If not, now add your batting and backing and try running that under you needle to quilt this completed block. This is why you stay away from the corners or heavy seams and within that 1/4″ seam allowance. I have used Elmers washable school glue in this manner for many years and have never had any issues when following the instruction above.
Other uses for glue
You can use it to tack your applique’s down so they remain stationary while hand or machine stitching. You can use it to hold patches down on blue jeans while you patch them because your husband ripped a brand new pair while at work. When you are sewing your binding onto the quilt and you want the end and beginning of the binding to join together nicely. Remove the quilt about 6″ before the joint, glue baste, and iron. Just make sure the glue is dry before running under your needle.
Tips that do not require tools
Remove excess bulk. You have all of your templates stitched, you have trimmed the excess fabric and paper from the templates and are now ready to put it all together. The left photo is showing trimmed templates ready to be stitched. The arrows point to the stitch line. Once I’ve sewn these 2 pieces together I fold the paper flap in and carefully rip just that flap off on both sides below my stitched line. The rest I leave in tact.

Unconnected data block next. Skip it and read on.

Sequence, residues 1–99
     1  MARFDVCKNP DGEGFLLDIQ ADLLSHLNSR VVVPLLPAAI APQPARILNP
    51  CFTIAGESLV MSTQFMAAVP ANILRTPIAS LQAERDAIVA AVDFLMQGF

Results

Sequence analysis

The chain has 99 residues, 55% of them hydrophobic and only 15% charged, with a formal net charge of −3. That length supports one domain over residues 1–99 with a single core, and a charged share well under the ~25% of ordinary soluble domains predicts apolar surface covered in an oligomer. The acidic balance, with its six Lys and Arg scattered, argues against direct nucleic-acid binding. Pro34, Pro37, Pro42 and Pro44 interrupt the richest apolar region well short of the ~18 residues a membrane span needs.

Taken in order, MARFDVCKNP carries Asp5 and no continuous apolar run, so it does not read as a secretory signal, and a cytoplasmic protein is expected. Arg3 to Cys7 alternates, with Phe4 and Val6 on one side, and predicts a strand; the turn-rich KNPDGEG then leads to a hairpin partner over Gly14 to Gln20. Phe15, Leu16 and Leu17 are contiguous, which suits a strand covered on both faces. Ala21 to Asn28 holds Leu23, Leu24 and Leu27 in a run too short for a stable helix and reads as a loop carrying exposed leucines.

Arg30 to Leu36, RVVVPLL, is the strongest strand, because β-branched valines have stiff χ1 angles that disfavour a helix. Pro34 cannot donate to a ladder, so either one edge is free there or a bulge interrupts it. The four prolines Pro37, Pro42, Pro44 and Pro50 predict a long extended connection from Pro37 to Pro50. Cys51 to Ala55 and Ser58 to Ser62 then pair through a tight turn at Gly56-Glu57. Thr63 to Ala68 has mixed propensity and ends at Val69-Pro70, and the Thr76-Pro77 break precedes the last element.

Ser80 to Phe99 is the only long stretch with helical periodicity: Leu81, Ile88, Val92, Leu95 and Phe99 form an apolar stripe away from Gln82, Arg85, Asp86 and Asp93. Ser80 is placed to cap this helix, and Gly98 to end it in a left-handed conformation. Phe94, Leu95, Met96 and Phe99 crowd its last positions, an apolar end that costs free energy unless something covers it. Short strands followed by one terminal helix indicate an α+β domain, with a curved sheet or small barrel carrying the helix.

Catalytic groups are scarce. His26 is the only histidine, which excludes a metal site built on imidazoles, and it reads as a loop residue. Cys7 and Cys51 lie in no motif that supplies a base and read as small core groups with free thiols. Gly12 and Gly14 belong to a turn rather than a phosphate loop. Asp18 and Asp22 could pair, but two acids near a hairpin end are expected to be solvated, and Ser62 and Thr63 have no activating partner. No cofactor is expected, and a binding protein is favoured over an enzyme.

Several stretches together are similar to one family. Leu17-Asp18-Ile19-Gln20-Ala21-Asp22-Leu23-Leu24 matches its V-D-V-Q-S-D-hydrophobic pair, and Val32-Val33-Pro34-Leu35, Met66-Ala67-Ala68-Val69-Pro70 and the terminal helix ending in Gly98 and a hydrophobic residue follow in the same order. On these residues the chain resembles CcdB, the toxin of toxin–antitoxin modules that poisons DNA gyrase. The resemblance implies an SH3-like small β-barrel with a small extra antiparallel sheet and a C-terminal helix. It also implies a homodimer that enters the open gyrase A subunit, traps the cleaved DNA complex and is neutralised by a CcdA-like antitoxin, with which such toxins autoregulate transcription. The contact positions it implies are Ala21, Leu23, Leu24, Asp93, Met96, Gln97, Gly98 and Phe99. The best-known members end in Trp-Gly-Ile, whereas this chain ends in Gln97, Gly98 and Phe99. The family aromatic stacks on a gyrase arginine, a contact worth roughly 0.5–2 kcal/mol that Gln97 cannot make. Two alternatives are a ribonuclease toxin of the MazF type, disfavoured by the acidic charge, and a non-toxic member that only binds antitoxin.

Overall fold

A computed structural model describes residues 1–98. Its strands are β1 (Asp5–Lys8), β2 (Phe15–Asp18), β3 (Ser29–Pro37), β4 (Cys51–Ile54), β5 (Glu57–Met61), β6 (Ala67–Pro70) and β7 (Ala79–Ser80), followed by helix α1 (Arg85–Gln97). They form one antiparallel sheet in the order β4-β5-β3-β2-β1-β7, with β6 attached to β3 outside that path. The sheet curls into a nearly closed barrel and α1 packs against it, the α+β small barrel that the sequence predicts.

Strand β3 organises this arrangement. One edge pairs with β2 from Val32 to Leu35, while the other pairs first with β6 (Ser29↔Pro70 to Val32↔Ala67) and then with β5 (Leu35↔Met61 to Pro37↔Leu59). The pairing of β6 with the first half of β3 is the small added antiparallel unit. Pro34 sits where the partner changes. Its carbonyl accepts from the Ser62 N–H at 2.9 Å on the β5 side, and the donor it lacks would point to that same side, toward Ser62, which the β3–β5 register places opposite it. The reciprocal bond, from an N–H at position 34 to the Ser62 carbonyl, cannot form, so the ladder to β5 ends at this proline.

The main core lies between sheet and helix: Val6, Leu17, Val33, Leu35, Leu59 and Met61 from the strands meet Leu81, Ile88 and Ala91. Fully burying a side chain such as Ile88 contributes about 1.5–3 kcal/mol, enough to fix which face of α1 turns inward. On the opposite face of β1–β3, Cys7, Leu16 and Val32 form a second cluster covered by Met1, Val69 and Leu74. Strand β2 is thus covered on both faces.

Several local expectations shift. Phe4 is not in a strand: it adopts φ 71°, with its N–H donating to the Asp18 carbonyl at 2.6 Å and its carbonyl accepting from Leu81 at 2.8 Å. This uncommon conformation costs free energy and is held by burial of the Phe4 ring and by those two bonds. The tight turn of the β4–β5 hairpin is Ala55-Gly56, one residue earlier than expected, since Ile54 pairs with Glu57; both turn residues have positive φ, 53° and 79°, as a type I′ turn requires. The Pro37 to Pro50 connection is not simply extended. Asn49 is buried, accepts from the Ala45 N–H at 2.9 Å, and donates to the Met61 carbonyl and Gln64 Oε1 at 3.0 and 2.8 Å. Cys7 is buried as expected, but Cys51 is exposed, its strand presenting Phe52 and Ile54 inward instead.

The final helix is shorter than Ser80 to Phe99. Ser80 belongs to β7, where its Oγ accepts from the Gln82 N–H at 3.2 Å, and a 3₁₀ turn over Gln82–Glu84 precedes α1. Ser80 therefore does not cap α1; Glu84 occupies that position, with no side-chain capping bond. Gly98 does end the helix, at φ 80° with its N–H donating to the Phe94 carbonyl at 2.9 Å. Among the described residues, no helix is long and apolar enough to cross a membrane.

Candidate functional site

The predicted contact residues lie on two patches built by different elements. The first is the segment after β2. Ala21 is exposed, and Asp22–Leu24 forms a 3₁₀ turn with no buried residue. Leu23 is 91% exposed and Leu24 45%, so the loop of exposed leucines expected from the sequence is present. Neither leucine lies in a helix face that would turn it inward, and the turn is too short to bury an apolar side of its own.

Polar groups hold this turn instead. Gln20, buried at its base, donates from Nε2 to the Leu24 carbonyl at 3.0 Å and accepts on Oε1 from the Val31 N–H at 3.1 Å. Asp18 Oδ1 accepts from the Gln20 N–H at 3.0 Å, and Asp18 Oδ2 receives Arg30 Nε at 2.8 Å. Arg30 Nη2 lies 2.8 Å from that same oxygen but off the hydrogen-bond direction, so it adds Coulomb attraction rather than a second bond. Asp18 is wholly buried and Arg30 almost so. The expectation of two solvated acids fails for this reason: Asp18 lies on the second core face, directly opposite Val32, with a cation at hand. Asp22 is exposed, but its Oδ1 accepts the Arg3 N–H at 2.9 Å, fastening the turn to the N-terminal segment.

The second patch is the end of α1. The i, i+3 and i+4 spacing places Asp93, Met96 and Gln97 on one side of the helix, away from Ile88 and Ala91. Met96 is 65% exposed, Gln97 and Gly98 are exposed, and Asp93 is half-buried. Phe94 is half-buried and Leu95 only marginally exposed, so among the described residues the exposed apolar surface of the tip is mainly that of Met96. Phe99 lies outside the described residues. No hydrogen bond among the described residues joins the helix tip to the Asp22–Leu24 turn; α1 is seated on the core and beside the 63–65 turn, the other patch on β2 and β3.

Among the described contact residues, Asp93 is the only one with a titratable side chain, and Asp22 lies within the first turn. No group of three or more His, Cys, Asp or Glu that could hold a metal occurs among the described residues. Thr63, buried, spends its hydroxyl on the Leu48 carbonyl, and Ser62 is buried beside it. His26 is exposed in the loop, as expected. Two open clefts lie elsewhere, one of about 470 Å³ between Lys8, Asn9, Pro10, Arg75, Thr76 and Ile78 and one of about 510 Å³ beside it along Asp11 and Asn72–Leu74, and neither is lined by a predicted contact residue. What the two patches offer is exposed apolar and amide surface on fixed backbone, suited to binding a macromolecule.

An important thing some pattern designers leave out about that stitch line. Remember the clear 3″ x 18″ Friskars ruler, locate the 1/4″ line on it? Now lay that 1/4″ line on your stitch line, trim any paper or fabric extending past the ruler. If your fabric doesn’t reach the edge of your ruler, then you don’t have a 1/4 seam allowance on your finished template.
On both free and purchased patterns I’ve noticed the trim line is not always 1/4″ away from your stitch line and some designers do not include a trim line at all. So, use the cut line as a guide for trimming the templates from the sheets and clip outside the trim line to be safe. To avoid any issues when putting it all together, use your stitch line to create your 1/4″ seam allowance on the finished templates. Please, if this does not make sense let me know.
Do you fmq on your domestic machine? Here is another great tip (I haven’t tried yet but I will) using Elmers Washable School Glue. Quilting Gail